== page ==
Background: Hand hygiene is the single most important intervention to combat infections in any health care setting. However, adherence to hand hygiene practice remains low among health care workers.
Objectives: Our objective was to assess compliance with hand hygiene over time utilizing a multifaceted approach to hand hygiene. In addition, we assessed the rate of device-associated infections.
Methods: This is a descriptive time series study with a multitude of interventions from October 2006 to December 2011 set in a 350-bed community hospital in Saudi Arabia. We utilized a multimodal program to promote hand hygiene activities. We also calculated device-associated infection rates as outcome measures.
Results: Over the study, the overall hand hygiene compliance rate increased from a baseline of 38% in second quarter 2006 to 65% in 2010 and then to 85% in 2011 (P < .001). The compliance rates increased among all professions and different hospital units. The compliance rates were 87% for physicians, 89% for nursing staff, and 93% for nutritionist. The rate of health care-associated methicillin-resistant Staphylococcus aureus per 1,000 patient-days decreased from 0.42 in 2006 to 0.08 in 2011. Ventilator-associated infection rates decreased from 6.12 to 0.78, central line-associated bloodstream infections rates decreased from 8.23 to 4.8, and catheter-associated urinary tract infection rates decreased from 7.08 to 3.5.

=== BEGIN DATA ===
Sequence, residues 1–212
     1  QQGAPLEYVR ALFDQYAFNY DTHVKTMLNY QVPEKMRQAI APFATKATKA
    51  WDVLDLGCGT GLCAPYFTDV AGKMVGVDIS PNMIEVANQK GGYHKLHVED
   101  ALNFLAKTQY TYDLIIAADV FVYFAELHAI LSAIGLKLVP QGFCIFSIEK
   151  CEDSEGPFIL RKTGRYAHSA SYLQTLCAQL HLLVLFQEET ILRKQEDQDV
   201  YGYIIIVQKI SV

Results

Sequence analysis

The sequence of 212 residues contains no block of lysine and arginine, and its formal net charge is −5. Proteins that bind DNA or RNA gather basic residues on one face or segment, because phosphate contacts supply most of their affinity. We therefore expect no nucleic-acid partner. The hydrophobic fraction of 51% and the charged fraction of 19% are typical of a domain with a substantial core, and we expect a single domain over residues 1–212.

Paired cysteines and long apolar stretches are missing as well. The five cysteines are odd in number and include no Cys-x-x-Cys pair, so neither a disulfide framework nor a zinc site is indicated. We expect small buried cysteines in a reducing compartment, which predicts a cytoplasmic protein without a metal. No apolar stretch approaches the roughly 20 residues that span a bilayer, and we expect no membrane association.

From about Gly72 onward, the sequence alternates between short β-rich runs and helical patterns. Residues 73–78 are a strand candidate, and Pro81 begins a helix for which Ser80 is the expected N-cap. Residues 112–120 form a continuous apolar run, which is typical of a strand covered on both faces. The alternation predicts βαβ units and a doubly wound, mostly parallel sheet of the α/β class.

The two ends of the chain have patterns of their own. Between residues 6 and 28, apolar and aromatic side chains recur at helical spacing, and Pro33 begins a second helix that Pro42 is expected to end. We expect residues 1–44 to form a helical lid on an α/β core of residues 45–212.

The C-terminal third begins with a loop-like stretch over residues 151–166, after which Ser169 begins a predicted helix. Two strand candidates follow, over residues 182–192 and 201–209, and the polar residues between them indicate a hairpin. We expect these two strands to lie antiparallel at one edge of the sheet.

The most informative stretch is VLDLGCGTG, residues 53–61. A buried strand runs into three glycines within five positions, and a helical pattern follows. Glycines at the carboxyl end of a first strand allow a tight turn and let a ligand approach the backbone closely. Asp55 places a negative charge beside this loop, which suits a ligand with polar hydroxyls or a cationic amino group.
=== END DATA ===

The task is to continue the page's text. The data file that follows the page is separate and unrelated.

Conclusion: This intervention used a multitude of interventions and resulted in an institution-wide increase and sustained improvement in compliance rates.
Copyright © 2013 Association for Professionals in Infection Control and Epidemiology, Inc. Published by Mosby, Inc. All rights reserved.